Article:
Pitchfork review Swords


Junior Member
Quite a well-written piece, I must say, and, though we may not like it, the writer does make some good point as to Morrissey's future.


[Polydor; 2009]

Call me morbid, call me pale, but when the news of his onstage collapse twittered and flickered across the screens of the world the other night, I couldn't help but relish the way the flame of the Morrissey Myth seemed to flare briefly back into gaudy life. You see, as Swords, mopping up of the stray B-sides and bonus tracks from the comeback years, suggests, Morrissey now has a dilemma: Following group glory, solo vindication, political notoriety, sullen exile, and dramatic revival, what on earth does he do for an encore?

It's not as though he can comfortably retire to civilian life. David Thomson once wrote of how fame had condemned an elderly woman to live out her days "sequestered in the cathedral called Greta Garbo." By contrast, the young Steven Patrick eagerly triple-locked the door and then tossed away the key upon entering the gothic mansion called Morrissey. But, self-condemned to the stage, are his 50s to be an ever decreasing circuit of provincial theaters, hawking threadbare B-sides? I'm not cynical enough to suggest that the fall was psychosomatically stage-managed, but you can see how the suggestion of a final savage spotlit exit might spice up the prospect of a Saturday night in Swindon.

I suppose the elegant option would be to retreat to some Tuscan villa or Parisian hotel, like Dirk Bogarde or Louise Brooks, and compose his perfectly poisonous memoirs. Or he could fade to gray in Vegas residency, crooning guttering torch songs to senile old Smiths fans. He could even return triumphant to his homeland which is eager at last to embrace him as an iconic, harmless old English eccentric, become a chatshow fixture, and accept a knighthood.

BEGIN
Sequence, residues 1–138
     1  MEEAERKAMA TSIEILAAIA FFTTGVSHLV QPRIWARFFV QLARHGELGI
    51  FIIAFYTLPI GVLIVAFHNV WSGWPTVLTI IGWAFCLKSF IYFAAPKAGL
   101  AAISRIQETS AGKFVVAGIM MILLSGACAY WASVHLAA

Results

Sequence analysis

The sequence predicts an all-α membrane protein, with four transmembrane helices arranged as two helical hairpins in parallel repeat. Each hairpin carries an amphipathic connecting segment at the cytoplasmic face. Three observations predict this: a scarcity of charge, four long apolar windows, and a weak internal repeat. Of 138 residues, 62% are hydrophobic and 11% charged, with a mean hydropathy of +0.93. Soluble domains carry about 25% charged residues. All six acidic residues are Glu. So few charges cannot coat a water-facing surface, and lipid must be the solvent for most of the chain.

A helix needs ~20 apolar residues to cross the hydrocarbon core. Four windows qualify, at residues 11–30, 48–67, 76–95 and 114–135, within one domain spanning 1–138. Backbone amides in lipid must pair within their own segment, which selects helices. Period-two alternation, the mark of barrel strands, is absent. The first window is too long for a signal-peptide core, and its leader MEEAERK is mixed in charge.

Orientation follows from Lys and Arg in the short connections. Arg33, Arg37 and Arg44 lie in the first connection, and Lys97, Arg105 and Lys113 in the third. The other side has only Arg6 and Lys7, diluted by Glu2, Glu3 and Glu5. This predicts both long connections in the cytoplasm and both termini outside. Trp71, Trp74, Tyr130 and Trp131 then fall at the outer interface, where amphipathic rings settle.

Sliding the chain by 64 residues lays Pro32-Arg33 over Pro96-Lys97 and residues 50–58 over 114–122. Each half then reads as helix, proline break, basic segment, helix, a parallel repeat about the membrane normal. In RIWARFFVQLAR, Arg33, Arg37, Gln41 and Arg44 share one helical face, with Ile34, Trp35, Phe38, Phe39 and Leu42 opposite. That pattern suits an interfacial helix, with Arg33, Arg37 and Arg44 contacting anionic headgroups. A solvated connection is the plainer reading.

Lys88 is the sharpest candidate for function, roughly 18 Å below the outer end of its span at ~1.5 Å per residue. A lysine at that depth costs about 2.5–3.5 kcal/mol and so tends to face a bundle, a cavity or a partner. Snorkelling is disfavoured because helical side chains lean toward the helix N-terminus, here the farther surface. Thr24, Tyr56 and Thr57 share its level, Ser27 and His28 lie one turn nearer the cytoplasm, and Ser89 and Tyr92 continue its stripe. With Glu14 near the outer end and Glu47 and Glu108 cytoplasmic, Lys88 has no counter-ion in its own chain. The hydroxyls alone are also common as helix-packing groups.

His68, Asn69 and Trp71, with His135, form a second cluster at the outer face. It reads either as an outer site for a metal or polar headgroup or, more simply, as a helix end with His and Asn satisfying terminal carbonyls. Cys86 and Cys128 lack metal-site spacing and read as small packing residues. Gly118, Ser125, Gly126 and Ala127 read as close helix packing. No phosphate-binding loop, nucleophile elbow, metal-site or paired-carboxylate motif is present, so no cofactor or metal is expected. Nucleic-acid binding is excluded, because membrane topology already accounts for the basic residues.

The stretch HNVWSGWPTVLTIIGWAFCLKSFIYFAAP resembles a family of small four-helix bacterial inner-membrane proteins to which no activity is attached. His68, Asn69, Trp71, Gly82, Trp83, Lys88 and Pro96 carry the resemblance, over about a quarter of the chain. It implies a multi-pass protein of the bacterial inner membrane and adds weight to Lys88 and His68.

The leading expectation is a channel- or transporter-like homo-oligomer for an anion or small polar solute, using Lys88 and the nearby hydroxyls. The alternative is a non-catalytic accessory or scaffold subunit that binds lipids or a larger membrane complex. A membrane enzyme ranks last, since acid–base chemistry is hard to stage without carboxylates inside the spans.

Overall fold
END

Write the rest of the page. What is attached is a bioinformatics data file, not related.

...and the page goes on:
In the MGM biopic that he has always been reshooting in his head, the Swindon swoon makes a much better opening scene for the closing chapter of The Morrissey Story. Of course, he has been announcing the murderous urgency of life since he was a boy, but the best tracks on Swords seem designed to provide the perfectly piquant soundtrack. "The Never-Played Symphonies", perversely tucked away originally on second CD and 12" of "Irish Blood, English Heart", when it's finer than several recent singles, finds our hero reflecting from his death bed. Consumed by regret, sighing over a stuttering player piano, he doesn't see the glory, wealth, or adulation, only the never-laid and the never-played: those errant hearts and songs never now to be captured.

Similarly, "Christian Dior" addresses a fellow "lionized maverick," and sympathizes with a life hemmed-in by style. Musically the song is another humdrum strummed waltz, but the image of what might have been stirs him to heights of falsetto, hysterically overcompensating for the lack of drama in the tune. "Sweetie-Pie", a rare co-writing credit for keyboard player Mikey Farrell, is more satisfying. Morrissey's voice is warped and pitchshifted, tossed and submerged amid a vortex of effects, as he delivers a fierce last plea for deliverance, before disappearing beneath the waves.

But elsewhere the music offers the singer too little to work with. On "Good Looking Man About Town" Alain Whyte tries to spice things up with hints of raga, but unfortunately brings to mind Kula Shaker. "Ganglord" is the latest doomed attempt to repeat the dense swampy drone of "How Soon Is Now?". Lyrically, Morrissey casts around for subjects other than himself, without much success: both "Teenage Dad on His Estate" and (the iTunes-only) "Slum Mums" would like to report back fearlessly from the frontline of the modern underclass, but feel peculiarly dated, right down to the reference to the "Jensen Interceptor" as someone's runaround.